By now you’ve heard about the murder of a wealthy Pensacola couple named Byrd and Melanie Billings. They were found shot to death inside their nine-bedroom home this past Thursday night, the apparent victims of a robbery gone bad. Late Sunday night, police investigators announced the arrests of two suspects, though more are expected.
Escambia County Sheriff David Morgan said, “We are very anxious to share this story … it’s going to be a humdinger, I’ll tell you that.”
Actually, it already is. It’s just too bad that the Billings family is making more headlines in death than they did in life. The slain couple, Byrd and Melanie Billings, were the proud parents of 16 children — 12 of whom were adopted. Six of the twelve have Down Syndrome, several others were sexually abused and struggling with various developmental disabilities.
A blended family, Byrd had two biological children from a previous marriage. He also brought with him a son he adopted after his divorce in 1986. At the time, the one-year old boy had been abandoned, left behind on a dock. Nobody wanted the child — until Byrd learned about it. “I didn’t have to think about it,” he told a reporter in 2005.
Byrd’s new wife, Melanie, brought two biological children of her own into their marriage. One was a daughter stricken with cerebral palsy and autism. Hoping at first to find a companion for Nikki, the couple quickly changed their focus and began searching for children to love that others didn’t seem to care much about.
“I just wanted to give them a better life,” said Melanie of her adopted children. The adoption of “Matthew the Miracle” in 1999 started the ball rolling. He was 1 pound at birth and diagnosed as developmentally disabled. Doctors didn’t give him much much of a chance to ever walk or have use of his hands. Today, he is like any ‘normal’ ten-year old.
Bailey, the first child they adopted with Down Syndrome, arrived in 2001. Tragically, in 2004, the child was scalded by a malfunctioning water heater and later died after an air bubble in a tube caused the heart to stop beating.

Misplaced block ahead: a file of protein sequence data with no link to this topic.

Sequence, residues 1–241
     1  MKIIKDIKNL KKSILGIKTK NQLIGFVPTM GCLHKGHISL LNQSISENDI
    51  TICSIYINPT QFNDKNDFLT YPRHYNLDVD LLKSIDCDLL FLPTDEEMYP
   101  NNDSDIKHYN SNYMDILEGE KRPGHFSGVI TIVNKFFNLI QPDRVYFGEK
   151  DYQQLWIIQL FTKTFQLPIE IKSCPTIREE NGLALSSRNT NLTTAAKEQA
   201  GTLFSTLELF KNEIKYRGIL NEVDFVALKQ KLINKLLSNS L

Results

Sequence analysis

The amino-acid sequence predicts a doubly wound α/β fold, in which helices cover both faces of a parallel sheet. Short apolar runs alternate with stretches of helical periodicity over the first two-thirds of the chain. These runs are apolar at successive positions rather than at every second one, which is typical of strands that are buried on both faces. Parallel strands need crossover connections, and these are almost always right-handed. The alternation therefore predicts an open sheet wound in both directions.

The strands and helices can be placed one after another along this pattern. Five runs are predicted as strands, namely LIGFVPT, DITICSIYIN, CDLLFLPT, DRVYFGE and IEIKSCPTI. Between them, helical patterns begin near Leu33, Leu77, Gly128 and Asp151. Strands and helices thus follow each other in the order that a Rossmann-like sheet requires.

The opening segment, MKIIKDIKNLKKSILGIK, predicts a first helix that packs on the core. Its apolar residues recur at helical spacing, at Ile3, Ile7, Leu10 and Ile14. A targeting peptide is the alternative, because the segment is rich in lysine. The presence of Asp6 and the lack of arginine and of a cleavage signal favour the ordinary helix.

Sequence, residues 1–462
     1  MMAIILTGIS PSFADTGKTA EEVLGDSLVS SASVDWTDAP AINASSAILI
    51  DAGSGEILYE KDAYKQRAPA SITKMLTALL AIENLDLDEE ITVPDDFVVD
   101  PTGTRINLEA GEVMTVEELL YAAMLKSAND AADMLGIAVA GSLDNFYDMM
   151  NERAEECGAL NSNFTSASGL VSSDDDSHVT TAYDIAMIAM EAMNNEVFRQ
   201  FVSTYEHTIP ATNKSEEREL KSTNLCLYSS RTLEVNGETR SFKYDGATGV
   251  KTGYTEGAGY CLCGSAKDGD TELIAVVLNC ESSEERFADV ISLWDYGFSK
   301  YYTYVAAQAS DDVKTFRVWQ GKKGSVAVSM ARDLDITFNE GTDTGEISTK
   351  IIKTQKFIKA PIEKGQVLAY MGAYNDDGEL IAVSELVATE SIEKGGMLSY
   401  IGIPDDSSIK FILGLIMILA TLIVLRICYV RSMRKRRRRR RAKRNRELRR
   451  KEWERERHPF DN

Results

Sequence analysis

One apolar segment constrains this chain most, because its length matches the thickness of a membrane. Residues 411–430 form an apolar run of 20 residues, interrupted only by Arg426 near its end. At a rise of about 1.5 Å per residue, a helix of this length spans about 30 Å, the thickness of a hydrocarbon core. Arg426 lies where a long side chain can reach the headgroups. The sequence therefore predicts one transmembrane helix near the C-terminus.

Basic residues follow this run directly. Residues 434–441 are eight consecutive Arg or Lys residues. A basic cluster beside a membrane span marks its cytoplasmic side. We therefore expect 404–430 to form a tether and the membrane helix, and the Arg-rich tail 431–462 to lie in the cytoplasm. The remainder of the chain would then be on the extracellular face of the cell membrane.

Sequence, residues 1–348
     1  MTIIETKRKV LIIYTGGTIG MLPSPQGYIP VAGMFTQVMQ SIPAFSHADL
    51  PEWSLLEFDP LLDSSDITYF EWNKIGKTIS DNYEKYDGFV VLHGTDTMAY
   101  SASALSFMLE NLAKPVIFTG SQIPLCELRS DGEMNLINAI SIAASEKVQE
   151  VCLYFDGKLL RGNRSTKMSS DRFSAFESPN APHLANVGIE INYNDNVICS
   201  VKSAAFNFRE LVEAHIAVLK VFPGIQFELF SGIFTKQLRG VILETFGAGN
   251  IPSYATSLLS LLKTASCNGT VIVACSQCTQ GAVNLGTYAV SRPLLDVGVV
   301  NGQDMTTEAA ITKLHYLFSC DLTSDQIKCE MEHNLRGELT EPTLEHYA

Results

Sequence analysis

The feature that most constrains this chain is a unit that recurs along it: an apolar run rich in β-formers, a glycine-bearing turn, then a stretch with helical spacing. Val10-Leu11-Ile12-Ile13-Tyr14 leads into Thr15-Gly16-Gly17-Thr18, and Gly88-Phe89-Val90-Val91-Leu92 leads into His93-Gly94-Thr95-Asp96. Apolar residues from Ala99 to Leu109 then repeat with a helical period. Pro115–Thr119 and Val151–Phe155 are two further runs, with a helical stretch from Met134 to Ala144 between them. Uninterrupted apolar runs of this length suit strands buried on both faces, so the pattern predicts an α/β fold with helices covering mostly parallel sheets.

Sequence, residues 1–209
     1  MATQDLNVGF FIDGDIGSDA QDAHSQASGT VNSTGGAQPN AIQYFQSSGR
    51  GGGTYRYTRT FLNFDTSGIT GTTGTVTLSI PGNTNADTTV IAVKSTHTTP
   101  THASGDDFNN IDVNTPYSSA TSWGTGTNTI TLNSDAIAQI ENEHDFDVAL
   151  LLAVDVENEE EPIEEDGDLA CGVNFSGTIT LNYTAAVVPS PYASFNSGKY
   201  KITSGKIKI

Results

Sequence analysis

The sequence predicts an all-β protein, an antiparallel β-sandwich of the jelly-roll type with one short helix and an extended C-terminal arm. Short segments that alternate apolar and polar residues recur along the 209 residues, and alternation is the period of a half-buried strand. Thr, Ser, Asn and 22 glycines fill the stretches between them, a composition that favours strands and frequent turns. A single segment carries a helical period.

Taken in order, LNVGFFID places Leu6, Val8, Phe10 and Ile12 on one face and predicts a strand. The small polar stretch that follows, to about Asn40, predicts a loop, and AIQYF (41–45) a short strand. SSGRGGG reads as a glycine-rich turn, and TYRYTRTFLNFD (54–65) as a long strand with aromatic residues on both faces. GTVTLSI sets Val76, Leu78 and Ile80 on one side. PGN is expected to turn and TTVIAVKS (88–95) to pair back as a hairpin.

In 2002, the couple adopted Tori, now 4. The next year, they adopted Tori’s siblings, Ricky, now 5, and Adrianna, now 7. The trio, neglected and abused by their parents, had been moved from one foster home to another.
Jacob, a twin with Down syndrome, also arrived in 2003 as well. Jacob’s biological parents kept his “normal” brother but had decided to place him up for adoption. At the time, Melanie was incredulous. “It’s hard for me to even think it. How could they not want him?”
Then there is Nicholas, Katie, Ethan, another child with Down syndrome and Emma, another girl with Downs whose biological Vietnamese parents said her extended family would never accept.
And now, their parents are dead, shot while eight of the kids slept, innocent victims once more. Ironically, reports suggest the home was well protected, with strong locks and security cameras in every room. But sometimes all the fortifications can’t keep us safe from the wickedness of the world. What an unspeakable, unfathomable, incomprehensible tragedy.
I suspect this is what Solomon was alluding to, the ill and broken state of this world, when he wrote, “Even in laughter the heart may ache and joy may end in grief” [Proverbs 14:13]. But somehow, someway, the Lord who commands the seas and even the birds of the air remains in full control of this utterly sad and horrific situation.
Because even when God doesn’t make sense to us, He still makes sense.
Let’s remember to pray for these children. And let’s continue to lift up those among us who feel led to guide and parent the orphan, adopt the seemingly unadoptable and see the value and dignity in every human life.